AMS sought to discover whether Fisher, his business entity, One Point Orthopedic and Neurosurgical Group and Christensen (MedStar) “were part of a “scheme” to arrange unnecessary surgeries from a select group of surgeons who would charge a flat fee, whether mesh was found or not, and no matter how long the surgery took. In exchange the surgeons were allegedly told to include particular phrases in their operative notes such as “mesh erosion,” “bunched-up mesh,” and “defective mesh.”
AMS says the end result would be to create fraudulent medical records to increase the value of pelvic mesh cases” involved in the MDL.
“Such documents, even if prepared by Plaintiffs’ counsel, were not prepared “to aid in litigation” – they were created to subvert it.” ~ AMS Doc. #892.
AMS then served subpoenas for the production of documents on the two business entities and additional subpoenas on Fisher and Christensen for their depositions. Christensen filed a motion to quash the subpoena stating it was “overly broad and burdensome and seeks confidential and proprietary information.”
Christensen will make himself available for a deposition, however, his protective order was granted specifying the terms of his deposition. Both sides must meet and confer to agree on a convenient time, date, and location for this deposition.
Fisher agreed to be deposed. AMS believes he may be just one of many individuals arranging surgeons to perform mesh surgeries and preparing the records for litigation purposes.
The Problem for Plaintiffs
Editorial~ Women referred to doctors performing “mass revisions” who are not fully capable of doing a complete mesh removal may be left in worse shape than prior to surgery. We know from litigation so far that doctors were not trained on how to remove transvaginal mesh if something went wrong. Only a few doctors around the country, using translabial ultrasound to see the mesh prior to surgery, seem able to surgically remove the mesh and its arms and anchors. Some of these experts state that a partial removal can leave “shrapnel” or mesh fragments to migrate in the body. Offering a flat fee for whether mesh is found or not, indicates a woman may be a pawn in a primarily for-profit exploratory procedure that does not represent the best medical care and patient follow-up to ensure a positive outcome.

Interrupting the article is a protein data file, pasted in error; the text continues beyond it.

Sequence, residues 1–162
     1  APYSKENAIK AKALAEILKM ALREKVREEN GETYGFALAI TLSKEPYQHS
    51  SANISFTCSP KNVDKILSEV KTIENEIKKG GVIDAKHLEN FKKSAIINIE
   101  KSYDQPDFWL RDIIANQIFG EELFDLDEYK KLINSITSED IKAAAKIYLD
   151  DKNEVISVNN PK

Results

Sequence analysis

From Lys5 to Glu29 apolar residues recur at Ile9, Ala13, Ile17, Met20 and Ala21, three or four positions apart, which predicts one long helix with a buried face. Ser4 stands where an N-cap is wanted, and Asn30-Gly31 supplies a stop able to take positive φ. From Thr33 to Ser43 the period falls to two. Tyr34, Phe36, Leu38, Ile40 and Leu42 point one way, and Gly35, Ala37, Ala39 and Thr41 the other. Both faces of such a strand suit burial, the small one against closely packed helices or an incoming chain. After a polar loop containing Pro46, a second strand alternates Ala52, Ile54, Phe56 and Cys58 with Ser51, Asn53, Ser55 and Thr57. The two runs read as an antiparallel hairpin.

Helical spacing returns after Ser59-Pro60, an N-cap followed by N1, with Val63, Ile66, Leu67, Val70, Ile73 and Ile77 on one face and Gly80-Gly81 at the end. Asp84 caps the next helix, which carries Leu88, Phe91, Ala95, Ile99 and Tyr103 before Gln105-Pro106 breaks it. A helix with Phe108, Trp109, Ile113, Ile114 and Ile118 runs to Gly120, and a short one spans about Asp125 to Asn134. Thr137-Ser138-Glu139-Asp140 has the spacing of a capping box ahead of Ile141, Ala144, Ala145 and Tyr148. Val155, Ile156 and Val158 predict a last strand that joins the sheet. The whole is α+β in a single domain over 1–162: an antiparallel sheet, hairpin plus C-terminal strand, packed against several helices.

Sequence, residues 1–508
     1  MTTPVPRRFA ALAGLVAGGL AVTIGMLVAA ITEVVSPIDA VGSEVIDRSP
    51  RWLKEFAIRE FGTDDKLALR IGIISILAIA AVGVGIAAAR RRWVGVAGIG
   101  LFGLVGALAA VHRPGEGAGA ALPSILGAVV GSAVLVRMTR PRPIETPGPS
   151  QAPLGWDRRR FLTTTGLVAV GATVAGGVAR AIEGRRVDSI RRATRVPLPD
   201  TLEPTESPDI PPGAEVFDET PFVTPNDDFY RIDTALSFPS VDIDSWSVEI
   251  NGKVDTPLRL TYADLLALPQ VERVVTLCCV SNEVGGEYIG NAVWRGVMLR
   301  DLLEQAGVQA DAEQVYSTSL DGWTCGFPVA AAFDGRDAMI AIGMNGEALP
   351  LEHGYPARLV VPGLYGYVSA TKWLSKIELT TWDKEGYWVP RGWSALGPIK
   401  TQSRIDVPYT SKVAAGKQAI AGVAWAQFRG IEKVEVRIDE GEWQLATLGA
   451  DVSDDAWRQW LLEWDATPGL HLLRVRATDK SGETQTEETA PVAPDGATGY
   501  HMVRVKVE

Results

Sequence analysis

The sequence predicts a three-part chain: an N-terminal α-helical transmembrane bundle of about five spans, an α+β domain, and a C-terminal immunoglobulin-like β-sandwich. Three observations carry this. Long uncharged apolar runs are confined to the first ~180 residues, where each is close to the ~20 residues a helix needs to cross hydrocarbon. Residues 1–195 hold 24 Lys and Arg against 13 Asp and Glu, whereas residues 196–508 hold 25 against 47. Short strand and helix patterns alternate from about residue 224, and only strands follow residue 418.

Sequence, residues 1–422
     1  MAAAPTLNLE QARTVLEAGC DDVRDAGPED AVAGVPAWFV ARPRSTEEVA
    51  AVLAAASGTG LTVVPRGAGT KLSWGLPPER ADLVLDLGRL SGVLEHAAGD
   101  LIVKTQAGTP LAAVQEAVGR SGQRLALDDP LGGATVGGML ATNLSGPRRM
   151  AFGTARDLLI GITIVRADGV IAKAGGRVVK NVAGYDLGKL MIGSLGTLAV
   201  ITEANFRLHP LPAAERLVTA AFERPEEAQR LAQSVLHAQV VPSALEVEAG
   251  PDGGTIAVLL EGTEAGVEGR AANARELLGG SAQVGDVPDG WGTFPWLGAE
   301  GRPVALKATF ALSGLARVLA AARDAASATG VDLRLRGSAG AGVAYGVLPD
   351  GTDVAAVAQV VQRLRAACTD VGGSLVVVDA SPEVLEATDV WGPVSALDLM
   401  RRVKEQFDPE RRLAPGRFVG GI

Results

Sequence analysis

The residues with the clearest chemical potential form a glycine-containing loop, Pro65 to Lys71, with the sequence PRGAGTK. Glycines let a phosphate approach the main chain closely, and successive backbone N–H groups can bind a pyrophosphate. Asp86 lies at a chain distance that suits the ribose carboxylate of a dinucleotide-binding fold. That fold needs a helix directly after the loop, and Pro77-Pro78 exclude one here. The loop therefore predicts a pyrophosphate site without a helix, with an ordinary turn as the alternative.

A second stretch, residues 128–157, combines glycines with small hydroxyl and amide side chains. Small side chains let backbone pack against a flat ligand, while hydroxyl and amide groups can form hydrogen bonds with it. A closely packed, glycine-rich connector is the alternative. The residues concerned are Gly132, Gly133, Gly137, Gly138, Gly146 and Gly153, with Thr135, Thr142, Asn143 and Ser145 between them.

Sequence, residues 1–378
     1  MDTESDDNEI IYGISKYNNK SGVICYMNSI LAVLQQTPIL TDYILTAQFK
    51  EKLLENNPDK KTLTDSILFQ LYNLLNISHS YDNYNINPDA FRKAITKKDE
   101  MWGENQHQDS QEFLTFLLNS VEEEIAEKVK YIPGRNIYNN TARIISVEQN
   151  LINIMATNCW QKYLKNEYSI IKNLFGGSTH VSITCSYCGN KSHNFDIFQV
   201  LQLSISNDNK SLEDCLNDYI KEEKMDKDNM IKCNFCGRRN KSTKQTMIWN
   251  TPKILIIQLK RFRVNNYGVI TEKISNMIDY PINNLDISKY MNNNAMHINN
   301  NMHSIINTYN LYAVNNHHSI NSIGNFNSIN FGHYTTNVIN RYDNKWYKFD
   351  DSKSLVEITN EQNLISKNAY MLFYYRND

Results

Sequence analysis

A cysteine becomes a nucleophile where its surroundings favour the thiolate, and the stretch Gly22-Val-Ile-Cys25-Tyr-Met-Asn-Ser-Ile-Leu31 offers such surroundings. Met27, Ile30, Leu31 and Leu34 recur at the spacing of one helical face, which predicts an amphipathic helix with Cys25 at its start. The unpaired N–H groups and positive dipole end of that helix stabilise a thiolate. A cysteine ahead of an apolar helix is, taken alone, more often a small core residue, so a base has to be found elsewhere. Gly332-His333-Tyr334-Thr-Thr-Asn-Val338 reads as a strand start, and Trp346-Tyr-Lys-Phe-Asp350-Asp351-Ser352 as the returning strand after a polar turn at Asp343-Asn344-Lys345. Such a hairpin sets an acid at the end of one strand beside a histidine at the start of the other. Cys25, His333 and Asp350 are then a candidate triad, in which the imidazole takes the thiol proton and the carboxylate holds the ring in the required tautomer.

Pretrial Order #88, Motion to Quash and Motion for Protective Order,
AMS Document #892. Case 2:12-md-02325, filed September 26, 2013.
Breaking News! AMS Alleges “Scheme” to Profit from Transvaginal Mesh Injuries, October 10, 2013
AMS Website www.americanmedicalsystems.com/home.html
AMS makes the Perigee, Elevate and Apogee transvaginal mesh (TVM) used to treat pelvic organ prolapse (POP), a common condition in women following pregnancy, due to weak collagen or as a result of aging. Apogee is no longer for sale in the U.S. according to the AMS website.
AMS also makes the Sparc and Monarc slings to treat urinary incontinence, using a narrow strip or sling to support the urethra. All of the meshes are made from polypropylene, a petroleum-based plastic which is formed into a mesh material.